A Wall Street friend just out of jail told him that prisons were filled with aspiring traders and about a system perfected there that yielded 100 percent annual returns; Bayou invested $5 million, losing most of it in a couple of weeks. Desperate, Israel turned to a father at his son’s private school, a cousin and friend to George W. Bush, for an investment pick—and not just any pick. “If you’re going to bring me a company,” he said, “make sure it’s going to go up tenfold, not just a few points.” At an investors’ meeting on the Isle of Man for the start-up the father had suggested, Israel’s CFO got wind of another company, Debit Direct, whose preposterous plan to compete with Western Union and MoneyGram wasn’t entirely clear, but whose pitchman, a six-foot-six venture capitalist named Jack O’Halloran, hugely impressed Israel—telling him he had acted in Superman, Dragnet, and King Kong, slept with Hollywood starlets, and fought George Foreman at Madison Square Garden. All of this was, improbably, true. O’Halloran also told Israel that he was the secret love child of a Gambino-family crime boss and that he was writing a firsthand account revealing the truth about the Kennedy assassination—that the president had been shot by his driver and the footage edited out of the Zapruder film by the CIA. Israel invested $2 million in Debit Direct, followed by $500,000 in O’Halloran’s book.
Worried about Israel’s emotional well-being, his new interior-decorator girlfriend suggested he talk to her psychic, who communicated with a Native American spirit named Silver Cloud. “Good things will happen in the next month or two,” the psychic told Israel. “A financial opportunity will present itself that could make a big change for you.” The psychic said that a man named Robert was going to enter Israel’s life and have a big impact. He couldn’t quite hear all that Silver Cloud was saying about Robert—the spirit’s voice was too faint. But Israel should be prepared.
Afterward, his girlfriend eagerly asked how the session had gone.
“It was a bunch of bullshit,” Israel said, rolling his eyes.
Days later, a man named Robert did enter Israel’s life. He was introduced by Jack O’Halloran, who was having Chinese food in the chapel when Israel began complaining that the hedge-fund business had gotten tedious.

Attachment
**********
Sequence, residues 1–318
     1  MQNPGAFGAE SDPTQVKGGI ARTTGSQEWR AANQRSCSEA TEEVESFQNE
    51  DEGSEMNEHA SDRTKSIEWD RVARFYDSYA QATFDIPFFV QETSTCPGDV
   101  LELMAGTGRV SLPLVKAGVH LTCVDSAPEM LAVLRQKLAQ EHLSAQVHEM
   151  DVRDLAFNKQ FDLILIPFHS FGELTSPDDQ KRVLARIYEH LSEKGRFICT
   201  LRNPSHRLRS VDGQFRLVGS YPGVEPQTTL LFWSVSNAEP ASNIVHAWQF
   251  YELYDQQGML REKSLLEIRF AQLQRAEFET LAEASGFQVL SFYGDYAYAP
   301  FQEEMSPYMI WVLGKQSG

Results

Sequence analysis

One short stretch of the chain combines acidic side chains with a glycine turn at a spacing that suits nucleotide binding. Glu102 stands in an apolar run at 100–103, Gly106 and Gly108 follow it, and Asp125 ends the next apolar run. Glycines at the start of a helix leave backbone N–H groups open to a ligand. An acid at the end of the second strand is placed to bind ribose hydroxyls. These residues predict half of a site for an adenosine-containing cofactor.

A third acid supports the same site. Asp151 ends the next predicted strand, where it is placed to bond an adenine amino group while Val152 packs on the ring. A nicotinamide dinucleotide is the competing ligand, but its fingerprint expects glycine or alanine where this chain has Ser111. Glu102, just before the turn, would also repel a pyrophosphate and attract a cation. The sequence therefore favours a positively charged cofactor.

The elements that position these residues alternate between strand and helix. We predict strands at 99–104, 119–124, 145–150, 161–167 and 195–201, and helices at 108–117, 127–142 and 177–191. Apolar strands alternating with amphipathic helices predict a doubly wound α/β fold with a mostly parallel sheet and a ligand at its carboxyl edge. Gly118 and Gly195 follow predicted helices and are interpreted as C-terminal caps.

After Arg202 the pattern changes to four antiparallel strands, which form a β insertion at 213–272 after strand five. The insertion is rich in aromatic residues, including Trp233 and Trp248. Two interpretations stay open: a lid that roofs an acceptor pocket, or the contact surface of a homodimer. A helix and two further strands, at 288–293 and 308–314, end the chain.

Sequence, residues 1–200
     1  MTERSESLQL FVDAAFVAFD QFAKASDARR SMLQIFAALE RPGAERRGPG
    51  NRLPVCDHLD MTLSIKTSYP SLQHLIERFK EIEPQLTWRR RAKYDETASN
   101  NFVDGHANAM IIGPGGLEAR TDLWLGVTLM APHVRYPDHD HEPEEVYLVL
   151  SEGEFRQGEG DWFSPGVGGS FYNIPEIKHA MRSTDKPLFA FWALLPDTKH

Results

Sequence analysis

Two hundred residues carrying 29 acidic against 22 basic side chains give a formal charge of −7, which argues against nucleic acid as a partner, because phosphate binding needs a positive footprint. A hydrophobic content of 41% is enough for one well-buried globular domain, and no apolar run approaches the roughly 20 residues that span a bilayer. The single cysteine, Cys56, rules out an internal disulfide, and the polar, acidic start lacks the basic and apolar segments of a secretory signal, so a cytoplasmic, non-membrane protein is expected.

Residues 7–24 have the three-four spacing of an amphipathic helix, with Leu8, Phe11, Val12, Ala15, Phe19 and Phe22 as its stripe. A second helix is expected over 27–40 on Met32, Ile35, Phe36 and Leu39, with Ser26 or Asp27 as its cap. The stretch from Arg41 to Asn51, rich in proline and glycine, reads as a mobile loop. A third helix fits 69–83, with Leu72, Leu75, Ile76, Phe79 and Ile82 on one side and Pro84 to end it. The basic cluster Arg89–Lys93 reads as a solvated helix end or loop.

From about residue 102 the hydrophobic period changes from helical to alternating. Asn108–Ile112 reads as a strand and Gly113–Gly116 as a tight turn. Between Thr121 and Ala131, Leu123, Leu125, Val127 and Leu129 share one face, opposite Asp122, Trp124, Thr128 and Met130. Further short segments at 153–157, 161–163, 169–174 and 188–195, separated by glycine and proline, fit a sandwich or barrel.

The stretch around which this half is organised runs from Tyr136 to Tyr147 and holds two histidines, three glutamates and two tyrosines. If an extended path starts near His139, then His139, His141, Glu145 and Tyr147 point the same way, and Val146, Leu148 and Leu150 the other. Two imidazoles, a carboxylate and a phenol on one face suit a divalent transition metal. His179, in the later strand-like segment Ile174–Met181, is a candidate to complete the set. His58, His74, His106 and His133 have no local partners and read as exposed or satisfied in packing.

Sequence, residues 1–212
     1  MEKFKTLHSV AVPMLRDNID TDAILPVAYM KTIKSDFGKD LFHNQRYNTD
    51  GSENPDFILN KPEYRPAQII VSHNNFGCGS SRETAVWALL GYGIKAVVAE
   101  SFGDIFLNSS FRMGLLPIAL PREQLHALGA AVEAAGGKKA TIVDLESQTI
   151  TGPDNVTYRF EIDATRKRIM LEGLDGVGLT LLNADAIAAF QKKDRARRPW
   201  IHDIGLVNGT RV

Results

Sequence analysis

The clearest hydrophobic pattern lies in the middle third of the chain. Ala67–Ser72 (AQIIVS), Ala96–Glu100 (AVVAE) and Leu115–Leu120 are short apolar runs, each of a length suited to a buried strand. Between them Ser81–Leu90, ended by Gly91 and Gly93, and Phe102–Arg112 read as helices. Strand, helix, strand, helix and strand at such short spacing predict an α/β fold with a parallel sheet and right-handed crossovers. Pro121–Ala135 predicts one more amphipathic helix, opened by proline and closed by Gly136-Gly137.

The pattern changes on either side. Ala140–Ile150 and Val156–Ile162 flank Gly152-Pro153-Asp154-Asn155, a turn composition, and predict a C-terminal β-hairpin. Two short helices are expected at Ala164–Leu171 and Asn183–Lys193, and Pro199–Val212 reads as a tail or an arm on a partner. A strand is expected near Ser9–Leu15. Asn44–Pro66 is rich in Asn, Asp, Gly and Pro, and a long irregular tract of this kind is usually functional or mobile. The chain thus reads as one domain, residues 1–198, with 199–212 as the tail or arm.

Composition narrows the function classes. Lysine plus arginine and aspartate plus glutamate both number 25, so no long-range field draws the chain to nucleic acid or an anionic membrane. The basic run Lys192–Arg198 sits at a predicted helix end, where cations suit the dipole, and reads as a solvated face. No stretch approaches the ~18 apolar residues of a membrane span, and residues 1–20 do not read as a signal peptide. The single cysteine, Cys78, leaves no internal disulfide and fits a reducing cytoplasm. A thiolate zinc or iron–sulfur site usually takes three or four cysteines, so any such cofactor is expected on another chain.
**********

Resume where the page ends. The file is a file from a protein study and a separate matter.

“There are paradigm shifts on Wall Street every ten years,” Israel told O’Halloran. “When I started, it was insider trading and soft-dollar scams. Then it became IPOs and the dot-com bubble. Now it is high-frequency trading. The banks are front-running the market like crazy. I’m trying to figure out what’s coming next.”
“There’s a technology I’ve heard about that might be good for your trading system,” O’Halloran said. “But the guy who knows about it is really secretive. I shouldn’t even be talking about him. He’s very deep into CIA black ops.”
O’Halloran said the man’s name was Robert Booth Nichols—a national-security asset whom O’Halloran called a real-life Jason Bourne. “Bob is a keeper of the secrets of the world,” O’Halloran said. “That’s the only reason he is still alive.”
Later that night, Israel turned on his computer and typed the name “Robert Booth Nichols.” Hundreds of links appeared—Nichols seemed to be a kind of conspiracy-theory superstar. According to one manuscript Israel downloaded, Nichols was a CIA assassin, illegal-arms dealer, mob associate, and con man. He had been involved in virtually every nefarious covert plot carried out by the U.S. government for the past three decades, the book said: Iran-contra, the October “surprise,” MK Ultra. When the CIA dealt heroin to fund a war against Hezbollah, Nichols was supposedly there, and when three people were murdered on the Cabazon Indian Reservation, Nichols was there, too, developing biological weapons, a laser gun, and machine guns to arm Nicaraguan rebels.
But it was another story involving Nichols that captured Israel’s imagination. The manuscript described how, through front companies in the eighties, the CIA had covertly sold a computer program named PROMIS to banks and financial institutions like the Federal Reserve, then used a trapdoor in the program to secretly monitor financial transactions digitally. (Pieces of this story had been reported elsewhere, particularly after Inslaw, the company that had originally developed the program for use in the court system, sued the Department of Justice.)
“A lightbulb went off in my head,” Israel recalls. “If I had PROMIS, I could track the movement of money. I could see how the Fed operated. If money was going into semiconductors, then I could get there ahead of the market. The same for consumer goods or oil and gas. I would be at the ﬂux point. I would slay the market. I was going to make so much money it wouldn’t even be fun. It would be the ultimate inside trade.”